As part of Ag in my Land, an online series that looks at farming globally, Emily Ashworth gets an insight in to agriculture in the state of New York, and how urban and traditional farming can work together to feed a booming population.
When you think of New York you see bright lights, billboards, Empire State.
Your mind conjures classic images of yellow taxi-cabs, skyscrapers; an architectural jungle known as the city that never sleeps and home to over 8 million people.
What you may never have considered however is that in the New York state, sat unknowingly around the hive of the city itself, are around 35,000 farms and that the largest component of the New York agricultural economy is dairy.
Ninety-nine per cent of traditional farms are still family run and its economic contribution is staggering.
According to data from the USDA’s National Agricultural Statistics Service, the NYS Department of Agriculture and Markets and Farm Credit East, the state is responsible for almost two million jobs and in 2016, was worth $5.05 billion.
Covering 7.3 million acres of land, agriculture is very much part of the state’s history but is facing some challenges.
Labour shortages and lack of family willing to take on the farm business are increasingly worrying issues and according to Steve Ammerman, the New York Farm Bureau (NYFB) Public Affairs Manager, hiring help is becoming financially unviable.
He says: “Farmers typically tell us the biggest concern is labour, both the cost and availability of it.
“It is a challenge to find enough people willing to work on a farm and with the rising minimum wage in New York, farmers are paying more for labour than competitors in surroundings states and other countries, which puts them at a competitive disadvantage.
“Many farmers state that their employees are making more than they are.”
But they are still ranking first across America in the production of cottage cheese, sour cream and yoghurt and as a sector contribute around $2.5 billion.
Recently though, New York’s agricultural landscape has changed as innovation in the form of aquaponics, rooftop farming and vertical farming increases.
The city is renowned for its vibrant food culture and boasts over 700 farmers’ markets, but this new wave of farming taking over the city’s skyline allows food to be produced right under its inhabitant’s noses.
And unsurprisingly, urban farms are on the increase.
Utilising unused and derelict patches of land as the base for growing food sustainably, it is a way for New Yorkers to have more control over the food chain and as Steve says, they are constantly striving to connect consumers with food production.
He says: “There is definitely a loss of connection.
“With just 1 to 2 per cent of people farming these days, most of the population is far removed from life on the farm.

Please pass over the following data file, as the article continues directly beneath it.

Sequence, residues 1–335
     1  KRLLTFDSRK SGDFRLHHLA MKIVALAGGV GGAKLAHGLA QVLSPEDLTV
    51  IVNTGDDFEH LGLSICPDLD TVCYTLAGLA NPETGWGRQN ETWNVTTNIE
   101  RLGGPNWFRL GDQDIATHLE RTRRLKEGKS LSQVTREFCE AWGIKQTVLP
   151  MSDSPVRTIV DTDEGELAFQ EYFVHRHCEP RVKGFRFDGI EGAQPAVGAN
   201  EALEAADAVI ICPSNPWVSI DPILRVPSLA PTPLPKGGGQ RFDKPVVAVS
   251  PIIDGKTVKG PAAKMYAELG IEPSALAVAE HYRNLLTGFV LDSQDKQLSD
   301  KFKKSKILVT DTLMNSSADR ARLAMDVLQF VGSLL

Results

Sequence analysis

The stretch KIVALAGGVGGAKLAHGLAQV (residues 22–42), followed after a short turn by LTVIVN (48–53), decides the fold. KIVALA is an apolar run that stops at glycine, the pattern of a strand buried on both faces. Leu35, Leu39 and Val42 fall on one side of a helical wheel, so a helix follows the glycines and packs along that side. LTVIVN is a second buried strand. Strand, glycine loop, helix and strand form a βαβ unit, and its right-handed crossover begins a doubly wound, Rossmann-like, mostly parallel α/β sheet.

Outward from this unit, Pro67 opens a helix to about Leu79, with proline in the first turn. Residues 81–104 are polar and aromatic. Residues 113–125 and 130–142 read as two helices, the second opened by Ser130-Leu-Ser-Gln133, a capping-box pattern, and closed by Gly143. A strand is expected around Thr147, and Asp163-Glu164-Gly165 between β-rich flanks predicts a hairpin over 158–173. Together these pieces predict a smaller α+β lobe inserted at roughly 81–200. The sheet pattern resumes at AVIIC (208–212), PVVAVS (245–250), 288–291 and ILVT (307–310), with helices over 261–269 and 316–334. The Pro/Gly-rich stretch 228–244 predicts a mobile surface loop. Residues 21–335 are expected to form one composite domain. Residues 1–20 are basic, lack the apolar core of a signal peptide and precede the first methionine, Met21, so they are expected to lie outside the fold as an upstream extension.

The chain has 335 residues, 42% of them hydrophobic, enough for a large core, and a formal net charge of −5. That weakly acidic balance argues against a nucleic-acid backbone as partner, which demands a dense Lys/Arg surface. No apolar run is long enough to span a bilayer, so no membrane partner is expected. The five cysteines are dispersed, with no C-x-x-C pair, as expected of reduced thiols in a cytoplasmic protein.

“They don’t understand production methods or the care that goes into raising livestock and protecting the environment.”
Most of what is produced in the city are vegetables of course, but the drive behind these revolutionary growing areas is to build community and provide jobs while also aspiring to educate citizens about what they’re eating.
Just Food are a non-profit organization located in New York City, and advocates for sustainable agriculture.
They originally specialised in urban agriculture training, helping to bring community supported agriculture models (CSA) to New York, with an emphasis on community-driven solutions to inequities in the food system.
Alexandra Foster and Qiana Mickie who both work within Just Food are on a mission to ensure food in all its forms is made accessible to every type of person, pushing that ethos through farmers markets, education and connecting people to regional farmers and CSA’s.
Through urban farming and working in partnership with farmers in the New York State, the outcome can be achieved.
Alexandra says: “Americans don’t have a strong connection to their food because they don’t realise the labour that goes into producing food.
“This is magnified in New York City given that people live in an urban environment and don’t readily have access to a farm to see them work, unless they seek out an urban farm or visit one.
“Our events, Farm Trips and Meet Your Farmer, were so impactful because it allowed people to get to know the individual that was growing their food and get a better understanding of how labour-intensive cultivating food is.”
And urban farms are one way to bring accessibility to many marginalized communities and under-resourced neighbourhoods within the city.
“One of our longstanding community partners, Sherryl Durrant, is the Garden Manager at Kelly Street Garden in the South Bronx, one of the most food insecure communities in the nation,” says Qiana.